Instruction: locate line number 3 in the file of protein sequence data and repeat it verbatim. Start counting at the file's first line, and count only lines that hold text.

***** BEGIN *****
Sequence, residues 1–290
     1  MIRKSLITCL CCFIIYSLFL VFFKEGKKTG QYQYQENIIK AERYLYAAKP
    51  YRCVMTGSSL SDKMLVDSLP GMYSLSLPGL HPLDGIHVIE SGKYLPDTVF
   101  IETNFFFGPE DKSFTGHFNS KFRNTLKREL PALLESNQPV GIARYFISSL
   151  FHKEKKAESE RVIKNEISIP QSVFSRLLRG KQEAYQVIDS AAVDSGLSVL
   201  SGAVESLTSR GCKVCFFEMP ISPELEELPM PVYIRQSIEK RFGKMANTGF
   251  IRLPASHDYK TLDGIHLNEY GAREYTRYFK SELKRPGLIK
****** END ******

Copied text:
    51  YRCVMTGSSL SDKMLVDSLP GMYSLSLPGL HPLDGIHVIE SGKYLPDTVF